Can You Transplant Blueberries: Tips For Transplanting Blueberry Bushes

Planted Blueberry Bush
transplant blueberry
(Image credit: joshuaraineyphotography)

Blueberries thrive in USDA zones 3-7 in full sun exposure and acidic soil. If you have a blueberry in your yard that isn’t thriving in its location or has become too large for the area, you might be wondering if you can transplant blueberries. Yes, you can easily transplant blueberries! 

There are, however, a few key steps to ensure success with transplanting blueberry bushes. The correct timing for blueberry plant transplanting is crucial as well. The following will walk you through when and how to transplant blueberry bushes.

When to Transplant Blueberries

Blueberry plant transplanting should take place when the plant is dormant. This depends upon your location, generally from early November to early March after the worst of the frost has passed. 

A quick light frost probably won’t hurt the plant, but extended freezes will. Blueberries can also be transplanted early in the fall after the first frost, again, when they are dormant. Dormancy is indicated when the plant has gone through leaf drop and no active growth is evident.

How to Transplant Blueberry Bushes

Blueberries like acidic soil with a pH of 4.2 to 5.0 and full sun. Choose a site in the garden with the appropriate soil pH or amend the soil with 1 cubic foot of peat moss and 1 cubic foot (28 L.) of un-limed sand. 

Dig a hole 10-15 inches (25-28 cm.) deep, depending upon the size of your transplant. If possible, think ahead and add in some sawdust, composted pine bark, or peat moss to lower the soil pH in the fall before transplanting your blueberry bushes.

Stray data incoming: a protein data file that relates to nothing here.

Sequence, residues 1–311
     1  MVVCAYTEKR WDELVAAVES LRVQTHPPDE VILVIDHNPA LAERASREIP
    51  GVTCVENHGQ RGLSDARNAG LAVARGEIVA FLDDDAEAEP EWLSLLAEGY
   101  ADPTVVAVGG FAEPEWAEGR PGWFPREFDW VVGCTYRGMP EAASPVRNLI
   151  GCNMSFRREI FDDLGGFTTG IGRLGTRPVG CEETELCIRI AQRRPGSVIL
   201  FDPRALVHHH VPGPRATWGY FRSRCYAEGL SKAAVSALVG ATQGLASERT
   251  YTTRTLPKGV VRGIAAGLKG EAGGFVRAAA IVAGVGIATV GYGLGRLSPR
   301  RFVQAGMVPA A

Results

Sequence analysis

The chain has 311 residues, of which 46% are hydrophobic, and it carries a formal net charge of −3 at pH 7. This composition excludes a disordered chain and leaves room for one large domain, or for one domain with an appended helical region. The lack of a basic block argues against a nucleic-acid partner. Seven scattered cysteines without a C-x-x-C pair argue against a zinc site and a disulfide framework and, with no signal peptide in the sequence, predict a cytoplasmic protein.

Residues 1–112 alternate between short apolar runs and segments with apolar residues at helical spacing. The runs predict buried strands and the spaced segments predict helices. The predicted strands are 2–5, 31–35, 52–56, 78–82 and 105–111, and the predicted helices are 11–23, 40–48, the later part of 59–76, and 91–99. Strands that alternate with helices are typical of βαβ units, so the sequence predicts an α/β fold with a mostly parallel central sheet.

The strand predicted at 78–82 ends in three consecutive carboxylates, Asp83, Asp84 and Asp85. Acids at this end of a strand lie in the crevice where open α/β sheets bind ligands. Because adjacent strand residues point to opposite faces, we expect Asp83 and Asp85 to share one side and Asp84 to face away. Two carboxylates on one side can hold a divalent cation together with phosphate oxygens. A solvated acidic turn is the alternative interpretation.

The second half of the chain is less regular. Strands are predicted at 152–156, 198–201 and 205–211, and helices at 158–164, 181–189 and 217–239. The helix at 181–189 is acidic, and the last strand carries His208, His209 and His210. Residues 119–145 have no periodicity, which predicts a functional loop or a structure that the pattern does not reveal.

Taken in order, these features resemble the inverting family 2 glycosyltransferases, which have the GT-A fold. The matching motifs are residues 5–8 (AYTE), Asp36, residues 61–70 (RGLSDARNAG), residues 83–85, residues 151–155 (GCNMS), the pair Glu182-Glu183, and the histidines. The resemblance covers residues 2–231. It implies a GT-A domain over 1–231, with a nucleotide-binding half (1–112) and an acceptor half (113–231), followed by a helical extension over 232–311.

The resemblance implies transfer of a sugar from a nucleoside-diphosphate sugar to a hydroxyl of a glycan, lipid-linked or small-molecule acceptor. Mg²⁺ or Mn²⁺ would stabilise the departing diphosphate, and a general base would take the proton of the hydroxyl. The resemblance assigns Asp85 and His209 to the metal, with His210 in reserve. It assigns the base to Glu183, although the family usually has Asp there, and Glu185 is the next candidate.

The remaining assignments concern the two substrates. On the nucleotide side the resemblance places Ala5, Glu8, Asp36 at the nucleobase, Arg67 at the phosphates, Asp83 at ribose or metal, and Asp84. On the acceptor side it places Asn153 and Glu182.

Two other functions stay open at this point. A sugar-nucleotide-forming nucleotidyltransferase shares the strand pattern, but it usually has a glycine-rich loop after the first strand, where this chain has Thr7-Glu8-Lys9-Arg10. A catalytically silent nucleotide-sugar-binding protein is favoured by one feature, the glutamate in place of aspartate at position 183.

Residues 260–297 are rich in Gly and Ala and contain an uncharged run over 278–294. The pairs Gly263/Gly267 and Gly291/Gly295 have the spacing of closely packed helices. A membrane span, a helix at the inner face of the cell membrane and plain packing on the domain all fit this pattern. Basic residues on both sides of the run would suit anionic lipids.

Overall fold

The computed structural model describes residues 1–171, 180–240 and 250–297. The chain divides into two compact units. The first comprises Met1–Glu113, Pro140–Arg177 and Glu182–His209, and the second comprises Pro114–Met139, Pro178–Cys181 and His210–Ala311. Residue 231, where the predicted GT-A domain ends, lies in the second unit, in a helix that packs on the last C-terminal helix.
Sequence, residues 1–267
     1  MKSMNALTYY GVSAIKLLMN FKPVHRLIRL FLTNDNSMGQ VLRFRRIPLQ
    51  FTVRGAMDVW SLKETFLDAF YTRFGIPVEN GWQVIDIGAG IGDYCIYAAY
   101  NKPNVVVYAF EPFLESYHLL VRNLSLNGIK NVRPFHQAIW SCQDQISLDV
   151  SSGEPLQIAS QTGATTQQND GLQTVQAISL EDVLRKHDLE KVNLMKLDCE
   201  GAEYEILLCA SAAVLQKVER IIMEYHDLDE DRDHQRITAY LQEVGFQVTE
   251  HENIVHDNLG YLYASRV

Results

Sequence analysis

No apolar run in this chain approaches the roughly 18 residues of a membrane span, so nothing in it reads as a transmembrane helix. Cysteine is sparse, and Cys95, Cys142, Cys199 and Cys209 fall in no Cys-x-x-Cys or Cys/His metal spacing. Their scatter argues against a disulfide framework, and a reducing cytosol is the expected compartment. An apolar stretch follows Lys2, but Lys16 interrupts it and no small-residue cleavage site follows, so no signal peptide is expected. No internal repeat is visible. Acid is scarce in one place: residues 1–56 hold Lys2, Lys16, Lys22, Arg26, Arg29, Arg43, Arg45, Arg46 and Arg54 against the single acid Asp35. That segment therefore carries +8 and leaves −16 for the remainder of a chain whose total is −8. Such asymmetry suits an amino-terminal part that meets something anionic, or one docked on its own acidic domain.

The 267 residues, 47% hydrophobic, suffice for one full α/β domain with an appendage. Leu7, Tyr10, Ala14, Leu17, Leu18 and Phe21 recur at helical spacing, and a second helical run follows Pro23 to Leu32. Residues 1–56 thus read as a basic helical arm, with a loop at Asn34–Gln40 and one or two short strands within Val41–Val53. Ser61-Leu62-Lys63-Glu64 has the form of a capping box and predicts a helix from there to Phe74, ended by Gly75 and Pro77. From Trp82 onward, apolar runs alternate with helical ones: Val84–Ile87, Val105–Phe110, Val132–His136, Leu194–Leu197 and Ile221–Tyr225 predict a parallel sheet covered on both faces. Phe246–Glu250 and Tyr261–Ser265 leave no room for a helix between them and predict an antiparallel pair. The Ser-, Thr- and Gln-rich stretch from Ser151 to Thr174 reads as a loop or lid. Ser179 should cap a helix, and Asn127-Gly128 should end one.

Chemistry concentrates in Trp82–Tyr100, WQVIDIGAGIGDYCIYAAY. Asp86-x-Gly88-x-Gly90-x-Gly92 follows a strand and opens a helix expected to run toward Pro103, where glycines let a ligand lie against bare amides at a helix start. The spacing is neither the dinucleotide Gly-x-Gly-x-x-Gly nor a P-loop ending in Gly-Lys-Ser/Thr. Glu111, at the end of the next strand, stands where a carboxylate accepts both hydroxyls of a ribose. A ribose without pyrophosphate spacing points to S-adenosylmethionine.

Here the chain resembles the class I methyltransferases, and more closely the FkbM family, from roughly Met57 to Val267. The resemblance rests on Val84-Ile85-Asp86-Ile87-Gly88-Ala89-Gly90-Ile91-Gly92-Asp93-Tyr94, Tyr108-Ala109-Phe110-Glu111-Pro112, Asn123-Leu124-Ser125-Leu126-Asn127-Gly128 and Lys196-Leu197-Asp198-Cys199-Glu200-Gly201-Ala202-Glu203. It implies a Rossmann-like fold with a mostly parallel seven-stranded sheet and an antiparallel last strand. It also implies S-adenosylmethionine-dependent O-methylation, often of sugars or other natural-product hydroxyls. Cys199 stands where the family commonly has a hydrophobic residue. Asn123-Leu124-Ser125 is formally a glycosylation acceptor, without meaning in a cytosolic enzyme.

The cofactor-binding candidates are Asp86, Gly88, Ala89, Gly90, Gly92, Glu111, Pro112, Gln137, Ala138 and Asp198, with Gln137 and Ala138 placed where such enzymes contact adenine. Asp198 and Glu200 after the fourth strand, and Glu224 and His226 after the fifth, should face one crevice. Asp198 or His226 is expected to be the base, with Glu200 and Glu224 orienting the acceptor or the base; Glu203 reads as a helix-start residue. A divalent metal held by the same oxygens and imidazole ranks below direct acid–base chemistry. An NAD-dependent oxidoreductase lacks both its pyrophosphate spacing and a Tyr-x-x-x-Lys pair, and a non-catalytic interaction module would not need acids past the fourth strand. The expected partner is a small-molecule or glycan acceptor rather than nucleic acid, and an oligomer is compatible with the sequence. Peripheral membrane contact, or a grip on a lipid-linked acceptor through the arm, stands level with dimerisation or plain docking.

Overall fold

Now it’s time to dig up the blueberry you wish to transplant. Dig around the base of the bush, slowly loosening the plants roots. You probably won’t have to go down any deeper than a foot (30 cm.) to completely dig up the root ball. Ideally, you will transplant immediately, but if you can’t, wrap the root ball in a plastic bag to help it retain moisture. 

Try to get the blueberry in the ground within the next 5 days. Transplant the blueberry in a hole that is 2-3 times wider than the bush and 2/3 as deep as the root ball. Space additional blueberries 5 feet (1.5 m.) apart. Fill in around the root ball with a mix of soil, and the peat moss/sand mix.

Tamp the soil in lightly around the base of the plant and thoroughly water the bush. Mulch around the plant with a 2- to 3-inch (5-7.5 cm.) layer of leaves, wood chips, sawdust or pine needles and leave at least 2 inches (5 cm.) free of mulch around the base of the plant.

Water the transplanted blueberries deeply once a week if there is little rainfall or every three days in hot, dry weather.

Amy Grant

Amy Grant has been gardening for 30 years and writing for 15. A professional chef and caterer, Amy's area of expertise is culinary gardening.